Visa recently announced that starting April of 2020, "the Visa Rules will be updated to ensure issuers, acquirers and their sponsored merchants control first-party fraud. First-party fraud is a concern for all parties in the payment ecosystem. This occurs when a cardholder seeks reimbursement or a credit for legitimately purchased goods and services, resulting in potential disputes and creating additional costs for all participants." So, what is first-party fraud? Here is what merchants need to know.
First-party fraud can be split into two categories: chargeback fraud and friendly fraud. Let's break down each of those categories.
Chargeback fraud is when a cardholder maliciously disputes a charge in an attempt to get their money back from the transaction, while still retaining the goods or services they received. Chargeback fraud is considered first-party fraud because everything went right with the transaction, but the cardholder is taking advantage of the dispute process. A cardholder may commit chargeback fraud for a variety of reasons. This type of fraud can stem from buyer remorse, poor budgeting, to sell the product on eBay or Craigslist, among other reasons.
Friendly fraud is when a cardholder mistakenly disputes a charge. This type of invalid dispute can come from an unclear merchant descriptor, a family member making unknown purchases, or simple forgetfulness. Even though friendly fraudsters are not disputing the charge out of malicious intent, they still cost merchants in chargeback fees, labor costs, and the possible loss of merchandise and transaction amount.
How Visa is Already taking Steps to Prevent First-Party Fraud
Visa Merchant Purchase Inquiry (VMPI) was developed by Visa after "[They] saw over 2.6 million chargebacks initiated [in 2015] because cardholders did not recognize the transactions, an increase of over 13% from the prior year. In addition, 20% of all chargebacks were tied to purchases of digital goods, which includes electronic downloads of movies, music, and phone application purchases. As the number of transactions related to digital goods continues to increase, so does the potential for an increased number of disputes. And this can be expensive, as the cost of working a dispute can be far greater than the purchase itself. Merchants and issuers need a more proactive way to prevent a dispute from occurring if a cardholder does not recognize the transaction. While digital goods merchants are certainly important due to the volume, use cases exist for ALL merchants looking to reduce dispute volume, including brick and mortar merchants, travel and entertainment, and online merchants." VMPI gives merchants the ability to provide detailed company, customer, order, and product information to card issuers on-demand. Ultimately, VMPI empowers representatives at your customer's financial institution to stop invalid disputes from being filed against you.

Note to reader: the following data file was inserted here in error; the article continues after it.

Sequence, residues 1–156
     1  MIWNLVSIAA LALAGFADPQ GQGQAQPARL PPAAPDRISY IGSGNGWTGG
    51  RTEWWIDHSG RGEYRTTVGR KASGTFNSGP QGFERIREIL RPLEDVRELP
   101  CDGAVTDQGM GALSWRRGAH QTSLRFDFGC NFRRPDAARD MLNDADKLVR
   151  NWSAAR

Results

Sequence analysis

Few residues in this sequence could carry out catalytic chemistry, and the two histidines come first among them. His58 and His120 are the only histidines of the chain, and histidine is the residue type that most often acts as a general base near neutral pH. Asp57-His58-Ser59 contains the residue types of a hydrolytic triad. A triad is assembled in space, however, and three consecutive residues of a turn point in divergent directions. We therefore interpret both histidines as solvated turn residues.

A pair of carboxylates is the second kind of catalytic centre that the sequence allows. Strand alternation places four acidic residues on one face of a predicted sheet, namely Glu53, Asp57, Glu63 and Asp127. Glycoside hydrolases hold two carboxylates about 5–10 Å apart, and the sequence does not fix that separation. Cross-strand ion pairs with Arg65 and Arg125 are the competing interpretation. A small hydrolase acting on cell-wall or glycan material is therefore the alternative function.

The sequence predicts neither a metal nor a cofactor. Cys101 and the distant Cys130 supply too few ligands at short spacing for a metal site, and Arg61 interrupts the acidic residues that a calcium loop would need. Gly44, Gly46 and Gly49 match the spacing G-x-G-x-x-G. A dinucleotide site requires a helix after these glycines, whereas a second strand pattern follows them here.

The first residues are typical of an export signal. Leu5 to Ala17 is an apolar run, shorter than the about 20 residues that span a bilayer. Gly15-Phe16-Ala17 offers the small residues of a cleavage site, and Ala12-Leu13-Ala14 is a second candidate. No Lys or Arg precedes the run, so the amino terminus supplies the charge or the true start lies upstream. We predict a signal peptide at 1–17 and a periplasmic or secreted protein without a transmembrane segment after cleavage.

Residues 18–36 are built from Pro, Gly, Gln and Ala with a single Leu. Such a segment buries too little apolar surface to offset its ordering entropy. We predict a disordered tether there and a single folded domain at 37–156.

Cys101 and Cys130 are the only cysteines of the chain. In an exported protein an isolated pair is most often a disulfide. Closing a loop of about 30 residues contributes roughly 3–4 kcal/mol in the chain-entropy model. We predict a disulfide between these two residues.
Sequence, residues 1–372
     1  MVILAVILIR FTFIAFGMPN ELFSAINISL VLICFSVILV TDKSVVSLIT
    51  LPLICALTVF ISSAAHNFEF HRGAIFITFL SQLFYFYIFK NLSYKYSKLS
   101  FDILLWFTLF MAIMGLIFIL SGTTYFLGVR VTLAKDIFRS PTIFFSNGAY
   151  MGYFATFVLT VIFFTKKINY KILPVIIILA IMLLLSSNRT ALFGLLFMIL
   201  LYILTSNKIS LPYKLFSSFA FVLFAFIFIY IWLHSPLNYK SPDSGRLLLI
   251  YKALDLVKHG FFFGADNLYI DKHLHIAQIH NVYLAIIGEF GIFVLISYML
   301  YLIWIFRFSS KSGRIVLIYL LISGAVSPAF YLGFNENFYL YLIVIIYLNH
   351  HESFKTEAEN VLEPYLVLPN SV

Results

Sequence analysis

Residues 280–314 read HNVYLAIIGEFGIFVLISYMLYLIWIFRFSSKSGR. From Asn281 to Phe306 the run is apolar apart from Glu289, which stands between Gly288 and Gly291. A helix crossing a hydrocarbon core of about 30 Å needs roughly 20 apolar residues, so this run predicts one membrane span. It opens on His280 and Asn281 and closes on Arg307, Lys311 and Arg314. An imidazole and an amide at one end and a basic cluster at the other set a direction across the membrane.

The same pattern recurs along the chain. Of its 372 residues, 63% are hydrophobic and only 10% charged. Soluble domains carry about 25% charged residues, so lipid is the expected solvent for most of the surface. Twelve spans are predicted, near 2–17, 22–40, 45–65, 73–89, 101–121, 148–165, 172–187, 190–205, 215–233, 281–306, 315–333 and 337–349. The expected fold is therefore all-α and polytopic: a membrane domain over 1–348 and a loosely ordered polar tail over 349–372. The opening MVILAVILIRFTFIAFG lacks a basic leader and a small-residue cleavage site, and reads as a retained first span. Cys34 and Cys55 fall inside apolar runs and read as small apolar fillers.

How Does VMPI Prevent First-Party Fraud
With VMPI, the dispute analyst can use transaction details to decide if the dispute is invalid and prevent it from being filed. In cases of friendly fraud, the additional data helps jog the cardholder's memory about the purchase. Friendly fraudsters just need a reminder or help to connect the dots of a purchase they don't recognize. The additional data provided to the issuing bank's representative can help confused cardholders remember what was purchased.
In cases of chargeback fraud where the cardholder is trying to intentionally misuse their chargeback rights, the extra layer of confirmation acts as a critical deterrent from proceeding with the dispute.
If you are interested in learning more about the benefits of VMPI or how to get set up with a VMPI facilitator, you can click here.
More Protection to Come?
The announcement that Visa's rules will be updated to help merchants control first-party fraud is a great sign for merchants. This announcement tells us that Visa is working to bring even more clarity and communication to the dispute process.